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What Are Conveyancing Disbursements?

Published : 2022

Conveyancing disbursements are payments or taxes that need to be made to a third party by your solicitor on your behalf as part of the home-buying process. The disbursements will be clearly set out in a quote issued by your conveyancing solicitor and will be listed alongside your conveyancer’s legal fees. The disbursements will then later be added to your bill for you to reimburse them.

You will be required to pay disbursements when both buying and selling property; however, you will have to pay more when buying a property. Additional disbursements may also be required depending on the complexity of the property or if you’re buying a leasehold or Help to Buy property.

Common disbursements for buying a house

1 – Stamp Duty Land Tax

Stamp duty is a tax you may have to pay to HRMC if you buy a residential property in England or Northern Ireland over a certain threshold and has to be paid within 14 days of purchasing a house.

The amount of stamp duty you pay depends on the individual property. The current threshold for residential properties is £125,000.

2 – HM Land Registry Fees

Every land and property transaction in England must be registered with the HM Land Registry. The government have put a cost in place for registering a change in ownership of a property. Again, this fee depends on the value of the property or the mortgage attached to it.

The fees are as follows:

  • £45 for properties valued up to £80,000
  • £95 for properties worth £80,001 to £100,000
  • £230 for properties worth £100,001 to £200,000
  • £330 for properties worth £200,001 to £500,000
  • £655 for properties worth £500,001 to £1M
  • £1,105 for properties worth £1M to £1.001M

3 – Chancel Indemnity Insurance

A chancel liability search will be carried out to ensure that the home you’re purchasing isn’t subject to paying for the upkeep and repairs of the local church.

If the property is found to be responsible for paying for repairs to the local parish church, the repair bills can cost hundreds of thousands of pounds.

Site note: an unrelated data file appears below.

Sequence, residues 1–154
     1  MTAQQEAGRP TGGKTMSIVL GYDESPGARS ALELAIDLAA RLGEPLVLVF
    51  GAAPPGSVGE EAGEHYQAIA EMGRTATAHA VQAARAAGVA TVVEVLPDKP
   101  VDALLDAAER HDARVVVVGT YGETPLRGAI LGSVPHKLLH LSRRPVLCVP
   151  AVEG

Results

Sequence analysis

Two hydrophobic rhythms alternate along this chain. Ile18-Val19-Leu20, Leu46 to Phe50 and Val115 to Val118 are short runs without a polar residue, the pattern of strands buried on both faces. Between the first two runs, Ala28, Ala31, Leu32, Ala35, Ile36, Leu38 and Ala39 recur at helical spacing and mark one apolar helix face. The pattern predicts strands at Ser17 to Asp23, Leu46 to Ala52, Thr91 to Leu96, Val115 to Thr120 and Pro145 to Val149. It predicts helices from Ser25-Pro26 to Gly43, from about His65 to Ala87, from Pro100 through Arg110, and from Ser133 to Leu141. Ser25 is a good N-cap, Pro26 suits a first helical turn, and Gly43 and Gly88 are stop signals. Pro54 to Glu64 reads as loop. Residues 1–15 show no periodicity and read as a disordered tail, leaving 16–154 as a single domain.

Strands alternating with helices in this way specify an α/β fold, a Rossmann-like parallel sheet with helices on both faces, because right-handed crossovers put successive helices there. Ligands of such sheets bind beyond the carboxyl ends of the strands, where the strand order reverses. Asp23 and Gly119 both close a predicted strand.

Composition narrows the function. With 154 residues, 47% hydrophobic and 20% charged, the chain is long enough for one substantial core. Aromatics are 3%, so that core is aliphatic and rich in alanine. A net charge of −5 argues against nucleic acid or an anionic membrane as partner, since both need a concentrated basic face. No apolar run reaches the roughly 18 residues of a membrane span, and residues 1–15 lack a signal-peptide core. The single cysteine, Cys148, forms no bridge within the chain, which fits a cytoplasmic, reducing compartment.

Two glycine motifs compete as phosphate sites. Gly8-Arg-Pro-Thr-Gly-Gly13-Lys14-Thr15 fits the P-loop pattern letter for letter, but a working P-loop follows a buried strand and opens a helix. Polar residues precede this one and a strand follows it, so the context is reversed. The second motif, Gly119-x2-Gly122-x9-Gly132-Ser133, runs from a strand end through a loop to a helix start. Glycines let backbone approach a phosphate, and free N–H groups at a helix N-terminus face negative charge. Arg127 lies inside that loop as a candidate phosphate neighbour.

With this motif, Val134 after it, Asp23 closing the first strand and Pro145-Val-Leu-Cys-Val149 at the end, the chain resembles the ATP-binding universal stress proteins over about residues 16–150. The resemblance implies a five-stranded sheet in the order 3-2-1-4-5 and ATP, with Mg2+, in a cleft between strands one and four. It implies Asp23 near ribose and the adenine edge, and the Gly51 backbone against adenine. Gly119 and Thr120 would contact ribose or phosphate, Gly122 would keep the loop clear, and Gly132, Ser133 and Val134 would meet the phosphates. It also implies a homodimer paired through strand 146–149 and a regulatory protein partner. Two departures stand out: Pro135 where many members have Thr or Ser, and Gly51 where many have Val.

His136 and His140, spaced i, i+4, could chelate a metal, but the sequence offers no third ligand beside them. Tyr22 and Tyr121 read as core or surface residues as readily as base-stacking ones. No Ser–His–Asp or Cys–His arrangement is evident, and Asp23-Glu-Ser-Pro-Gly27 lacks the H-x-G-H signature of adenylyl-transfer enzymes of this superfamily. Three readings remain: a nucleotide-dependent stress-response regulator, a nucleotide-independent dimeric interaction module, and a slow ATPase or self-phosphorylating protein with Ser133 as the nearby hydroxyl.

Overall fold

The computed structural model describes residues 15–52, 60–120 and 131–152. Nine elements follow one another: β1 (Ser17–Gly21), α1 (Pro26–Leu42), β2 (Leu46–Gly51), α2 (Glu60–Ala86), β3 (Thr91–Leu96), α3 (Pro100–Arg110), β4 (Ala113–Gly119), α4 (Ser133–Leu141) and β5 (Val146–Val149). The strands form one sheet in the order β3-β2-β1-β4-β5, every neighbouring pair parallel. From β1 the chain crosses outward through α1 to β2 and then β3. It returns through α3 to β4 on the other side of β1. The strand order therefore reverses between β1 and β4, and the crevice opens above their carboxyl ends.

The search itself will cost £15 and £20.

4 – Local Authority Searches

A local authority search is one of the main searches carried out when buying a house and will take place at the start of the process. This will tell you if the property is in a conservation area, if it’s in need of an improvement or renovation grant, and if it’s impacted by tree preservation or smoke control orders, all of which could make things more difficult or expensive if you wanted to make changes to the property.

Local authority searches can cost between £50 and £250 depending on the council.

5 – Water and Drainage Search

A water and drainage search is completed in conjunction with your local water provider. It confirms whether the property’s sewers, drains and piping are all the water supplier’s responsibility.

The water and drainage search also highlights the presence of public drains on your property.

These searches typically cost between £50 and £100.

6 – Environmental Search

This search is carried out through a specialist environment agency. It flags whether the previous land use on and around the property poses environmental risks.

Environmental searches can warn you of the risk of problems that can be very expensive to fix, such as major underpinning works to deal with subsidence.

Environmental searches are usually in the region of £50. Conveyancers can also offer search packages that cost between £200 and £450 based on location. To learn more about searches, read our guide on What are Conveyancing Searches?

7 – Bankruptcy search

Your solicitor will need to carry out a bankruptcy search on each person on the mortgage to ensure nobody named on the contract has been declared bankrupt.

This costs between £2 and £4.

8 – Land Registry Search

Your conveyancer will need to carry out a pre-completion Land Registry search to check that the seller legally owns the property that you are buying from them.

The cost of this is between £4 and £8.

9 – Bank Transfer Fee

This is the charge by your bank to cover the cost of sending your deposit money to the seller’s solicitor.

This costs between £20 and £45 plus VAT.

Disbursements for selling a house

1 – Land registry document fee

Your conveyancer will need to obtain Land Registry documents to prove that you are the official owner. These documents consist of a property register and a plan of the property.

This costs £6.

2 – Bank transfer fee

When you sell your house, your conveyancer will pay off your existing mortgage on the completion of the sale. They will also need to transfer any net proceeds of sale due to you.

This covers the costs required to process this payment and is usually £25-£45.

When do I pay conveyancing disbursements?

Some disbursements will be payable during the conveyancing process, whereas others will be paid at the end, for example, legal fees and stamp duty.

In regards to conveyancing searches, the relevant authorities and council require payment before they begin the searches, so it is to be expected that these disbursements are paid upfront.

Your conveyancer will tell you when and how much you are required to pay in disbursements.

To learn more about disbursements and whether there are any additional ones you may have to pay, don’t hesitate to get in touch or get a free quote.